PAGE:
The grand celebration of endurance

The Grand Tours of cycling - the three-week races of Italy, France and Spain - have no sporting rivals as feats of endurance. The Tour de France, the oldest and grandest of them all, offers a particularly searching examination of a rider’s physical fitness and mental resilience.

 

Savage climbs, nerve-shredding descents, full bore sprints and timed efforts that require nothing less from a rider than that he ride to exhaustion…all cycling life is here, almost every day, for three weeks. Just two rest days are granted among the Tour’s 21 stages, and most spend these in the saddle.

 

There is a reason that the Tour de France stands alone as a test of endurance; why it shares the rarified terrain occupied by events that transcend their sport (boxing’s world heavyweight championship, the Monaco grand prix, and others). Bradley Wiggins, Tour winner in 2012, once described it as the only sporting event long enough to require a haircut at the midpoint.

 

A statistical analysis of this 104th edition of cycling’s greatest race offers some insight into the suffering of the riders. Many might blanch at a motoring tour of 3,540 kilometres, never mind cycling such a distance. Even to describe this year’s race as the Tour de France is to sell it short, with sojourns in Germany and Belgium too. For the first time in 25 years, all five French mountain ranges feature in this year’s parcours, including the mighty Col d’Izoard in the final week of racing.

 

The endurance effort is met by an equal and concomitant demand for performance. There is no collective slacking off as the race wears on. Rather, any diminution in the performance of a competitor is seized upon as an advantage. Tire at your peril; your rivals will sense and ruthlessly exploit it.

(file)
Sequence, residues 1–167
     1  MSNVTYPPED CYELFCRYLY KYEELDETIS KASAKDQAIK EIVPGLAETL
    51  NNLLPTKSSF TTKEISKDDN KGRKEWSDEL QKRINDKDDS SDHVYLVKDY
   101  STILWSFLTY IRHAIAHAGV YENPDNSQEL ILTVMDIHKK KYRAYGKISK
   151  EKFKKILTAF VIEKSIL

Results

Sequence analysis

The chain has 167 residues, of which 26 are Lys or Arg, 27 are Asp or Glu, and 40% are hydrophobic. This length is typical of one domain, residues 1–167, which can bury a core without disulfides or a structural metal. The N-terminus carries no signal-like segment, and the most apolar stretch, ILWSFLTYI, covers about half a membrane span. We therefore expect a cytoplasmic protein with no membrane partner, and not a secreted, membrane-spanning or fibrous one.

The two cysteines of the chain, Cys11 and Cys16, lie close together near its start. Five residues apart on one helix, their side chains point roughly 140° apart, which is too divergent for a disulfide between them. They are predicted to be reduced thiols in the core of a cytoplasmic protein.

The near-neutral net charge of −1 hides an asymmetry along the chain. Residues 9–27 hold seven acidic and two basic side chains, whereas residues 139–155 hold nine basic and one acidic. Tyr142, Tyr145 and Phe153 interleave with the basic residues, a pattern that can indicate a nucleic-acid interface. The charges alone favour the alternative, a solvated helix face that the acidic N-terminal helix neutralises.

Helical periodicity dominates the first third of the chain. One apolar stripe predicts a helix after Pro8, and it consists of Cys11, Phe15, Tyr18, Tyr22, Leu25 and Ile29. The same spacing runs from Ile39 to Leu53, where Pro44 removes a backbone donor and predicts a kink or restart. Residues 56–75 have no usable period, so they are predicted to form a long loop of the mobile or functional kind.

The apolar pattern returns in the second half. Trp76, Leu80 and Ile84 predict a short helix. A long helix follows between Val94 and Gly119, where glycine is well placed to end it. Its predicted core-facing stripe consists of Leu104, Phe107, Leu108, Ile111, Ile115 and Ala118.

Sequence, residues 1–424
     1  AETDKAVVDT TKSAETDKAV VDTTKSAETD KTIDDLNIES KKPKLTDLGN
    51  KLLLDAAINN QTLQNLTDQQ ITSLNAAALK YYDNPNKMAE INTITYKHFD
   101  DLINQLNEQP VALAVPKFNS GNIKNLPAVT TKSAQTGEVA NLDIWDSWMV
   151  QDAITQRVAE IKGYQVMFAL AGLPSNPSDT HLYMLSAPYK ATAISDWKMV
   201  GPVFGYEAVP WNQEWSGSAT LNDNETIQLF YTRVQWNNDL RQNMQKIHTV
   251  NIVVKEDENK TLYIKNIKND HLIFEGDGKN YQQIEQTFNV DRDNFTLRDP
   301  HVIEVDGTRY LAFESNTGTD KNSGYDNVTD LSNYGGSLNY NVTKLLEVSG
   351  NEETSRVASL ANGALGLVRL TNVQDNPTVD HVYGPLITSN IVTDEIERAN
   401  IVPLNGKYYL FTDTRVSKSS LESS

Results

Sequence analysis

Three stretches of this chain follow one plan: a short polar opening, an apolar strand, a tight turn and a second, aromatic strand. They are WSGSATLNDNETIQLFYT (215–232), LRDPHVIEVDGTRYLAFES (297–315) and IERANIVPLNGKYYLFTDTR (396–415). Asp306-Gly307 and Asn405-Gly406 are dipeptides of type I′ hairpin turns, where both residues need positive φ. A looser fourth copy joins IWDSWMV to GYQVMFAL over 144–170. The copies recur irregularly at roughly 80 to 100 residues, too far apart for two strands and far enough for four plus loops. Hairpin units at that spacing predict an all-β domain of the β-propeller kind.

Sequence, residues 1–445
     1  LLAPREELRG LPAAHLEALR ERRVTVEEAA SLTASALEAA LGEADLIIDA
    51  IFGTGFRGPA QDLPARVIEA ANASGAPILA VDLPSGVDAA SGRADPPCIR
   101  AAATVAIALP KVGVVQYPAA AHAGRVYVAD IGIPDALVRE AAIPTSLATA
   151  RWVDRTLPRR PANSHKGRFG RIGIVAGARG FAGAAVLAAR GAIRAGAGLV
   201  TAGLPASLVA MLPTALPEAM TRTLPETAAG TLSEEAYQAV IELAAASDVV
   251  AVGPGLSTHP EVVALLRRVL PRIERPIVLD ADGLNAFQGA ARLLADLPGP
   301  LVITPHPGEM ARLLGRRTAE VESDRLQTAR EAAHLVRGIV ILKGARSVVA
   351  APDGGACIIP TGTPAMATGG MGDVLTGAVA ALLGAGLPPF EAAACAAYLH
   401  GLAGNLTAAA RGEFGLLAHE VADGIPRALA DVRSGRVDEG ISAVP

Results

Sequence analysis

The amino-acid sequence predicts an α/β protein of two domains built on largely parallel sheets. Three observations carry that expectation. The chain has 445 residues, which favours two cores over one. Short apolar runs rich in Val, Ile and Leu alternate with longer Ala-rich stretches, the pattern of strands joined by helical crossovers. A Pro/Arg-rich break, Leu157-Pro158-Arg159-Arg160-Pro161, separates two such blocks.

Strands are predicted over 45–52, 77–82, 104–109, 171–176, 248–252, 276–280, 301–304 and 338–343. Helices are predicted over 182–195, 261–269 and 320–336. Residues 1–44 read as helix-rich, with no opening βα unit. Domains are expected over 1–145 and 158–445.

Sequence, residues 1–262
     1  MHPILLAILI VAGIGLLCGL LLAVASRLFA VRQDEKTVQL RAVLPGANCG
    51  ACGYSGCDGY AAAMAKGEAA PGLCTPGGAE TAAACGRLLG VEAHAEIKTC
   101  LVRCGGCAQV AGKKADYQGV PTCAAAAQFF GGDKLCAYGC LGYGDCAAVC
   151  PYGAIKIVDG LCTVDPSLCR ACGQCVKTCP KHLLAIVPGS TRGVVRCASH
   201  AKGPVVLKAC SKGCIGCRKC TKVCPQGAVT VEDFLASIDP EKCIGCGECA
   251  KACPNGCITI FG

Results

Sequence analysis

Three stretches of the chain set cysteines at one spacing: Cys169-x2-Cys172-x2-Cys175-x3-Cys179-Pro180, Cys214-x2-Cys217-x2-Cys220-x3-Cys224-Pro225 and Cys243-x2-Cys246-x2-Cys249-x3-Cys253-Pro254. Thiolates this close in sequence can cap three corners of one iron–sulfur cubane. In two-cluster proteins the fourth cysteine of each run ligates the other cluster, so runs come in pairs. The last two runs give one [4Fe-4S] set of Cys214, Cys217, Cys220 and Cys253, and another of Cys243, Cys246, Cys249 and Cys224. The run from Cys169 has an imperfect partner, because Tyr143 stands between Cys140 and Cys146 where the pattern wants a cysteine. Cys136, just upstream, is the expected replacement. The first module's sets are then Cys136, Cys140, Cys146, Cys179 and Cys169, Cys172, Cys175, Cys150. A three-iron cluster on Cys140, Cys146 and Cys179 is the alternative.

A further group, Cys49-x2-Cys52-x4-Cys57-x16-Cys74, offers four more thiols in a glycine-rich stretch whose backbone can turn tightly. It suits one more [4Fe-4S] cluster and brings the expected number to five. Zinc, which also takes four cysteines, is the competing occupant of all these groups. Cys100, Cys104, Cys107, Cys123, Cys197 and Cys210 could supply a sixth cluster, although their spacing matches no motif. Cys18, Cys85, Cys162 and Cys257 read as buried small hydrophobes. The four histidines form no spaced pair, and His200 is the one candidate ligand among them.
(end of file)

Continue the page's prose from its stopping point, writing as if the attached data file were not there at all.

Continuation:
The demands of the Tour are not only felt by the riders, but on their clothing and equipment too. It is a searching examination of the ‘materials’ placed at a team’s disposal, as well as of the riders.  Cycling’s ever-increasing focus on aerodynamics has placed added significance on the performance of the clothing. The rider makes up 80 per cent of the aerodynamic picture. Reduce resistance around his silhouette and the gains will be greater than from any yielded by frame or wheels.

 

When the riders arrive in Paris on Sunday July 23, it will be the end of a three-week ordeal for many. Talk of already lean riders reduced to emaciated husks is routine, and some even claim that they end the race shorter than when they began. Even to finish the Tour is an accomplishment. The ride onto the Champs Élysées is a triumphant moment for all who make it that far.

 

Vive le Tour then, and chapeau to any rider who finishes it. This enthralling, beguiling, debilitating rendezvous with suffering each July is the only place to be for a professional cyclist. The rest of us can only watch and wonder.

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